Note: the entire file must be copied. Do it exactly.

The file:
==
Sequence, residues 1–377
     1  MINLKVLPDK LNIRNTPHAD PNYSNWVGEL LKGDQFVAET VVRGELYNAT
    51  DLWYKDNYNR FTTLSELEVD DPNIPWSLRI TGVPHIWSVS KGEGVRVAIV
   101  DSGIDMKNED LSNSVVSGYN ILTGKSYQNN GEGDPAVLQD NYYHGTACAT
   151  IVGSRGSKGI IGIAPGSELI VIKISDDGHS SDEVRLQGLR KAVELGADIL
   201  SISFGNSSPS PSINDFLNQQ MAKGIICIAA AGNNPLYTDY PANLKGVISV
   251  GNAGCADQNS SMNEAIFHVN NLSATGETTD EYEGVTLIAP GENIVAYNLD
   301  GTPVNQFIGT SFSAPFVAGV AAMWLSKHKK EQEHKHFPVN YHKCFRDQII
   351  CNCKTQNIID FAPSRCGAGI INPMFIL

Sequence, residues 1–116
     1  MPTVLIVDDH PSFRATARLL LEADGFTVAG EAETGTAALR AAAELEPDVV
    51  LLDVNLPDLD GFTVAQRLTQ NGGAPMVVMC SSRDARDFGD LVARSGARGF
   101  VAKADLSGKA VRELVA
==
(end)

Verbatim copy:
Sequence, residues 1–377
     1  MINLKVLPDK LNIRNTPHAD PNYSNWVGEL LKGDQFVAET VVRGELYNAT
    51  DLWYKDNYNR FTTLSELEVD DPNIPWSLRI TGVPHIWSVS KGEGVRVAIV
   101  DSGIDMKNED LSNSVVSGYN ILTGKSYQNN GEGDPAVLQD NYYHGTACAT
   151  IVGSRGSKGI IGIAPGSELI VIKISDDGHS SDEVRLQGLR KAVELGADIL
   201  SISFGNSSPS PSINDFLNQQ MAKGIICIAA AGNNPLYTDY PANLKGVISV
   251  GNAGCADQNS SMNEAIFHVN NLSATGETTD EYEGVTLIAP GENIVAYNLD
   301  GTPVNQFIGT SFSAPFVAGV AAMWLSKHKK EQEHKHFPVN YHKCFRDQII
   351  CNCKTQNIID FAPSRCGAGI INPMFIL

Sequence, residues 1–116
     1  MPTVLIVDDH PSFRATARLL LEADGFTVAG EAETGTAALR AAAELEPDVV
    51  LLDVNLPDLD GFTVAQRLTQ NGGAPMVVMC SSRDARDFGD LVARSGARGF
   101  VAKADLSGKA VRELVA